FAQs About Student Loans and Poor Credit
Do You Qualify for a Loan?
Many college-bound students will find that they need to take out one or more private lender loans to help them complete their education. Scholarships, grants and Federal loans only go so far, and private lenders offer a way for cash strapped students to find the money they need to make college a reality. Unlike Federal students loans, however, private lenders issue loan agreements strictly on the basis of credit history. For many students, this can present a problem.
The majority of college-bound students, particularly those fresh out of high school, will have built up little or no credit history. Worse, they may be stuck with a poor credit report that may stifle their chances of securing the necessary student loans to pay for college.
The following are some of the most frequently asked questions concerning private lender loans and students with bad, or nonexistent, credit.
- Q : How do I know if I have bad credit?
- A : If you have defaulted on a loan in the past, or if you have had a legal judgment against you concerning unpaid rent, utility bills or traffic tickets, chances are you are stuck with a bad credit report. Many free services can be found on the internet that will supply you with an up to date evaluation of your credit score, which will give you a good idea of the current status or your credit and your ability to qualify for a student loan.
- Q : Are there special programs for students with bad credit?
- A : Unfortunately, private lenders do not offer special programs for students with bad credit. All lending companies utilize the same basic criteria when determining a person’s eligibility for any loan. Banks and other lending institutions, even those that specialize in student loans, do not find it financially viable to underwrite loans for applicants with a poor credit history.
- Q : If I have a bad credit report, will I be eligible for any type of private student loan?
- A : While it is unlikely that you will qualify for a student loan if your credit history is poor, you may wish to submit a loan application in order to gauge the lender’s response. If you do not qualify for the loan on your own, ask the loan officer about the possibility of engaging a cosigner with acceptable credit as a way to secure the necessary loan. Most banks will allow cosigners, usually a parent or guardian, to sign on as a guarantor of the loan.
- Q: It seems that a student loan is like any other loan when it comes to credit history and acceptance. Are there any programs for people with bad credit who want to further their careers through education?
- A: Unfortunately, private lenders treat student loans just like any other type of personal loan. Applicants with a poor credit history are unlikely to be approved for any loan, whether they are first time college students or returning to college for career training. Again, cosigners present a viable option for students who find themselves in these circumstances.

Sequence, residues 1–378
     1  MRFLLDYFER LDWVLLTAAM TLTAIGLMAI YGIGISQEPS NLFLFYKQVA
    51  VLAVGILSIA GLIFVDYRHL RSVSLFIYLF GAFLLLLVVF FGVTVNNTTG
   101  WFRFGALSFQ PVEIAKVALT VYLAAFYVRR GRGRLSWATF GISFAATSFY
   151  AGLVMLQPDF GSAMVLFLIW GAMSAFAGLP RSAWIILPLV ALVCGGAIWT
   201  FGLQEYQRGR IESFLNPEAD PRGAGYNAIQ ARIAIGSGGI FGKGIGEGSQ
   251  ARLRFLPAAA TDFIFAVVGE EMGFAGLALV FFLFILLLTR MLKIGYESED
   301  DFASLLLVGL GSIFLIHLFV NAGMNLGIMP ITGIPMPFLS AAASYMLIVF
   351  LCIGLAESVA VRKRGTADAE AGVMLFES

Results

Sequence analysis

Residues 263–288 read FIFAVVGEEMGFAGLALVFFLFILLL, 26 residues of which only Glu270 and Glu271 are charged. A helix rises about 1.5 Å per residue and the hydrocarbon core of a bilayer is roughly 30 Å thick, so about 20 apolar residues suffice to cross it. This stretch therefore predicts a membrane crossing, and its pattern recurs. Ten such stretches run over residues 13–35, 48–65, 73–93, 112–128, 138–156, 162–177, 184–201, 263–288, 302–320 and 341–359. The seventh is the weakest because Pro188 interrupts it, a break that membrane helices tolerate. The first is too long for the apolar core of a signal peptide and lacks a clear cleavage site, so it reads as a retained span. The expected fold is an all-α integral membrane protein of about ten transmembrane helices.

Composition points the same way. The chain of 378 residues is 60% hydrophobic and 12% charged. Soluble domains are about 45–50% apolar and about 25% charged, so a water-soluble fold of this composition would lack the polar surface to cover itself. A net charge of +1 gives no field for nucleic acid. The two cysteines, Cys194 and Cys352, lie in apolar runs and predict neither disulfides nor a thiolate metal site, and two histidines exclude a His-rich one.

- Q : If I fail to qualify for a private lender loan can I still apply for a Federal student loan?
- A : Federal Direct Student Loans are available to all students, regardless of credit score, as long as they can demonstrate the requisite level of financial need. The only exceptions are Federal Direct PLUS Loans for Parents, and Federal Direct PLUS Loans for Graduate and Professional Degree Seeking Students which, like private loans, require a solid credit history for approval. Students are advised to apply for all possible Federal loans before considering any private lender loans.
- Q : What should I look for in a private lender student loan?
- A : All private lenders have different loan criteria, and offer different loan options. Private lenders are competing for customers in a crowded marketplace. Consequently, many offer incentives to attract borrowers. These can include no-fee loan applications, low interest rates, and loan deferment options. Many banks and private lending institutions will also waive any penalties on early repayment for students with acceptable credit histories. To secure the most cost effective private loan, you will have to investigate a variety of lenders and compare the options that are available to borrowers with your credit score and income level. Due diligence is the key, and students should only sign a loan agreement when they are certain they have secured the best loan at the best terms.
Private lender loans play a key role in helping students fund their college education. However, students should understand that all loans carry a significant amount of risk. Before signing any loan agreement, be sure that you fully understand all of the terms and conditions of the loan, and that you have a plan in place for the full repayment of that loan.